Vacationing MI woman killed in freak sting ray incident

This is the eagle ray that jumped onto a boat killing a Michigan woman on vacation.
This is the eagle ray that jumped onto a boat killing a Michigan woman on vacation.

UPDATE: A Florida medical examiner has determined that a Michigan woman died from a collision when she was struck by a ray that jumped out of the water in a freak accident.

Pigeon, Mich., resident Judy Kay Zagorski was sitting in the front seat of a boat on Thursday. A 75-pound spotted eagle ray leapt from the water and hit her in the face.

The medical examiner determined Friday morning she died "suddenly from blunt trauma to the head caused by the collision with the eagle ray."

The family requested that no autopsy be performed. Authorities say Zagorski was not stung by the ray's barb. Wildlife officials say such deaths are extremely rare.

MARATHON, Florida (CBS4) - A woman has died in a freak accident in the Keys.

Jorge Pino, with the Florida Fish and Wildlife Conservation Commission, said a woman was on a boat with her family off Marathon when an Eagle Ray jumped out of the water next to the vessel Thursday morning. The animal reportedly struck the 55-year old woman who fell backward and suffered a severe head trauma. 

The identity nor location of the woman has been released. It is not clear at this time if she was killed by a sting or hitting her head on the boat.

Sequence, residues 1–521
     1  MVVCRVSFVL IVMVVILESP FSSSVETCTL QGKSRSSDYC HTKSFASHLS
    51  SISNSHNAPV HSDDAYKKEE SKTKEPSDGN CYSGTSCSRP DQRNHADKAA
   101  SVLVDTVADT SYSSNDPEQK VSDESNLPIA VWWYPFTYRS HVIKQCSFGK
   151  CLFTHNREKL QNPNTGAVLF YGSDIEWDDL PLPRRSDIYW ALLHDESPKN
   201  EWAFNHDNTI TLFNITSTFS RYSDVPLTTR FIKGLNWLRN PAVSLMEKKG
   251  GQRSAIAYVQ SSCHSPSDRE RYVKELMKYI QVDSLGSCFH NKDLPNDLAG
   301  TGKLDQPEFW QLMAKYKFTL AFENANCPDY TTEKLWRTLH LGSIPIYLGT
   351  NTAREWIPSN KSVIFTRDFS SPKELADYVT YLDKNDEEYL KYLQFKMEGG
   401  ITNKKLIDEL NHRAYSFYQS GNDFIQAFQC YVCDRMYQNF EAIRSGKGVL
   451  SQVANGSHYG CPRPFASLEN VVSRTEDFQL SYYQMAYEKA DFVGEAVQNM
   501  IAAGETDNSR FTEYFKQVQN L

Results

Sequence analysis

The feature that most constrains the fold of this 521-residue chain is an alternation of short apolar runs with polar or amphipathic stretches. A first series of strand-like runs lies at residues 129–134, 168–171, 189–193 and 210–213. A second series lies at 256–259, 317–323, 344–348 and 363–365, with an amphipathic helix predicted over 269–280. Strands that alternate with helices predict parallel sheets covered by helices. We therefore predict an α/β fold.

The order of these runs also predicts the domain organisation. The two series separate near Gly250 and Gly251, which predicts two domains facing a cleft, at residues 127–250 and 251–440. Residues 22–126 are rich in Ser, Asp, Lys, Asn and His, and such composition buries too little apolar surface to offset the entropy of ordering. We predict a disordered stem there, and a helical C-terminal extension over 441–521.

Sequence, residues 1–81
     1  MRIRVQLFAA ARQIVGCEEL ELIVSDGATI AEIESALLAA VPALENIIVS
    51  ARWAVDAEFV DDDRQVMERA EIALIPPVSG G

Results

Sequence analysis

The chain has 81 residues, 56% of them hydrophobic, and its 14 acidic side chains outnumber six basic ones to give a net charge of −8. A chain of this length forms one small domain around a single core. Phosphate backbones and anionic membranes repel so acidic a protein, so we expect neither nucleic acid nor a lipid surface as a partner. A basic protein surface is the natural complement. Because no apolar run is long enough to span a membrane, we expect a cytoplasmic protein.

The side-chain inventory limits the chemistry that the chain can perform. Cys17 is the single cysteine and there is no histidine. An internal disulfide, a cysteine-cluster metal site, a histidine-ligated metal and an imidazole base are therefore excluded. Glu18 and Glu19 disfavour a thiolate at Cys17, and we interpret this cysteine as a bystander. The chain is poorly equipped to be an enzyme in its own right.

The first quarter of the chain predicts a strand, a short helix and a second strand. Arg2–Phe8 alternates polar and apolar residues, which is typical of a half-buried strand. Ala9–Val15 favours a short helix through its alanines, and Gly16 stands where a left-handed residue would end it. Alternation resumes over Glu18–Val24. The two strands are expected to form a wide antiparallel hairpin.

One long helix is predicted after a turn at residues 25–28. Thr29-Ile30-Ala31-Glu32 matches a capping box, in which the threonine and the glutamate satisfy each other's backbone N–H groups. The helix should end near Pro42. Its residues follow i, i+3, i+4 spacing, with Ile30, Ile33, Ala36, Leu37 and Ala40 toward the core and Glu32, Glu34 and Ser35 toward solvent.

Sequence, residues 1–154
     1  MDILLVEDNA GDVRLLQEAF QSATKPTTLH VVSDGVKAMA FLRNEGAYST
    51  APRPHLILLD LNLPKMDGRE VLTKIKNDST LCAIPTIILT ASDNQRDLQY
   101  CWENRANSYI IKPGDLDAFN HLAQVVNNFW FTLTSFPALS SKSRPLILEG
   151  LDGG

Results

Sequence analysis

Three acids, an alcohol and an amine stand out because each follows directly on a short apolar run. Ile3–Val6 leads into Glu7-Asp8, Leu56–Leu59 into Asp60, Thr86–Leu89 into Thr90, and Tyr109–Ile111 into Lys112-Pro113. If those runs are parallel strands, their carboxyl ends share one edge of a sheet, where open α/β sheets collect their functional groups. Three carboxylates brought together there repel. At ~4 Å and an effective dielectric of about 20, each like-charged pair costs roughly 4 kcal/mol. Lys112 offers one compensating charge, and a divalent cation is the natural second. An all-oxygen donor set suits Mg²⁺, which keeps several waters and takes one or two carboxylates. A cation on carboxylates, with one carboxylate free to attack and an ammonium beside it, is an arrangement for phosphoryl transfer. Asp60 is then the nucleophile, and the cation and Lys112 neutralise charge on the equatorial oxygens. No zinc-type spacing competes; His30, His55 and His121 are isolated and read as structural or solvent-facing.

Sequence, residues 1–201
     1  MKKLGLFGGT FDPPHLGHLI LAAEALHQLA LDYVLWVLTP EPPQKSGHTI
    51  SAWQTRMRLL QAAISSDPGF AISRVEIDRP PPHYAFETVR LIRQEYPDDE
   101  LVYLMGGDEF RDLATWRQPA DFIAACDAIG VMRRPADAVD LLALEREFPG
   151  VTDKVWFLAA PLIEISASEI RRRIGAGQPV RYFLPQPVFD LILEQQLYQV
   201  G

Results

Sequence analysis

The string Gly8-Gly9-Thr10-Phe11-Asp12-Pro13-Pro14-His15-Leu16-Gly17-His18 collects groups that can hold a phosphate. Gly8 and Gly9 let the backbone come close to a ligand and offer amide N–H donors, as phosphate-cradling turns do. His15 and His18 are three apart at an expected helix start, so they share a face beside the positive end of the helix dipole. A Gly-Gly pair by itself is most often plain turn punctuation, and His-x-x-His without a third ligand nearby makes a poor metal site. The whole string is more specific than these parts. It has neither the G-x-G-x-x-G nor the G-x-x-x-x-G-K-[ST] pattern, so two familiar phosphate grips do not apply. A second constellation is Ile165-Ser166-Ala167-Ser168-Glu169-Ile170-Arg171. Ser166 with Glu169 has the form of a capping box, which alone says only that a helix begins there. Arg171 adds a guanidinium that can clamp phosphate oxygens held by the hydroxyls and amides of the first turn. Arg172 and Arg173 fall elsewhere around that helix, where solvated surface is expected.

The woman, who was from Michigan, died before help could arrive.

Investigators say the victim was aboard a boat with here sister, father, and mother.

An eyewitness told that a child had been injured and was taken to a hospital, but that report has not been confirmed by investigators.

The Eagle Ray is common in the waters off South Florida and the Keys.

These rays can grow extremely large; up to 16 feet in length including the tail with a wingspan of up to 8 feet.  The long tail, which is armed with sharp poisonous barbs, looks like a whip and may be as long as the body. 

Eagle Rays live close to the coast in depths of 3 to 60 feet and in exceptional cases they are found as deep as 900 feet.

The Eagle Ray is most commonly seen along sandy beaches in very shallow waters. The ray's two wings sometimes break the surface and giving the impression of two sharks traveling together.

Posted by LS

Our CBS affiliate CBS4 contributed to this report.